1. You must write.
2. You must finish what you write.
3. You must refrain from rewriting except to editorial order.
4. You must put it on the market.
5. You must keep it on the market until it is sold.
Robert Heinlein, in Of Worlds Beyond: The Science of Science Fiction Writing
Robert Heinlein is one of the “Big Three” science fiction writers of the 20th century along with Isaac Asimov and Arthur C. Clarke. He is best known for his books Starship Troopers and Stranger in a Strange Land. He was a prolific writer. With rules like this, how can you be surprised?
Steven Pressfield writes about the Resistance. It feels like fear most of the time but it manifests itself in different ways. Resistance is anything that keeps you from doing your work.
Heinlein’s rules for writing are designed to keep you from giving in to the Resistance.
You must write even when you don’t feel like it. You must write even when the Resistance gives you a good excuse not to.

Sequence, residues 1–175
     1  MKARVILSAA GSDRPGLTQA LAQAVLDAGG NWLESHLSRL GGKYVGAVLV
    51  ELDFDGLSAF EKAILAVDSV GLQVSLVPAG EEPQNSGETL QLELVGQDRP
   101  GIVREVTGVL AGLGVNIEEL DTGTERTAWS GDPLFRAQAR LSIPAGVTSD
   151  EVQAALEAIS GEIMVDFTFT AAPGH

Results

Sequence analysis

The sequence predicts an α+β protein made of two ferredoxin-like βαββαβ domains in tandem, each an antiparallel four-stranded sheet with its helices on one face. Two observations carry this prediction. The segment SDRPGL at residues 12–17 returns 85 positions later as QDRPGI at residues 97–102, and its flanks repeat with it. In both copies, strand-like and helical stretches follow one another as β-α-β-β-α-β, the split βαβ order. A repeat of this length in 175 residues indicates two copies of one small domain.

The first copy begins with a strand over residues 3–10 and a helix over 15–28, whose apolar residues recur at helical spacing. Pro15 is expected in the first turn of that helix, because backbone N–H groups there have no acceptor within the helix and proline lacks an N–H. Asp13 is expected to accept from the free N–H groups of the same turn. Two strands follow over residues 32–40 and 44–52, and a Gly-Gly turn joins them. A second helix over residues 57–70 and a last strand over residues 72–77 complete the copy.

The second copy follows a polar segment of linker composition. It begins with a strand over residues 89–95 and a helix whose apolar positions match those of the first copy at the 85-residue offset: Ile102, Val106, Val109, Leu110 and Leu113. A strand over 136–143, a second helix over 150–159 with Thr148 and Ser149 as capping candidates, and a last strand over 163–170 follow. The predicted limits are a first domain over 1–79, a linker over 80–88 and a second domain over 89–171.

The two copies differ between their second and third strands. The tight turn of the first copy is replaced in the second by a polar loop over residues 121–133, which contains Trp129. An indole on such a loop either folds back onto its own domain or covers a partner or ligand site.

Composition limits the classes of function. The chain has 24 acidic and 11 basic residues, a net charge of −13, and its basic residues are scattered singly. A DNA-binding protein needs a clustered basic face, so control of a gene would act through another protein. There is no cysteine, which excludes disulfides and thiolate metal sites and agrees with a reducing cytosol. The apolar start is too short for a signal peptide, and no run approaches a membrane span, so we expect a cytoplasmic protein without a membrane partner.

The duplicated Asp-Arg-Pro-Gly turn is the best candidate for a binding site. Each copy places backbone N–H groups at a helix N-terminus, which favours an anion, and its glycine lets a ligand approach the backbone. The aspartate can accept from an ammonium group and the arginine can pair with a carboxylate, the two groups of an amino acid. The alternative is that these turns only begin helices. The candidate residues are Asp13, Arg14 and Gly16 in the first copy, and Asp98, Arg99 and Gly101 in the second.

You must finish what you write and ignore any of the Resistance’s internal thoughts about how bad it is.
You must trust yourself and trust professional, outside feedback on rewriting. You don’t know what is good or bad until someone tells you.
You must publish, self-publish, or submit your work to publications. You must have the intention at the outset that what you write will be read. You can’t let yourself store it away in a drawer. That is the Resistance.
You must not give up. Use rejection as a badge of honor. It is great defense against the Resistance.
Another Steve, Stephen King, had his big break with the novel, Carrie.
He wrote every day (2,000 words/day).
He finished the book.
Then he threw it in the garbage. He thought people would hate it.
His wife found it in the trash can and she read it. She thought it was good.
He finally submitted it to an editor.
He didn’t have to add a rejection slip to the hundreds of letters nailed to the wall.
He sold the novel and his prolific career took off.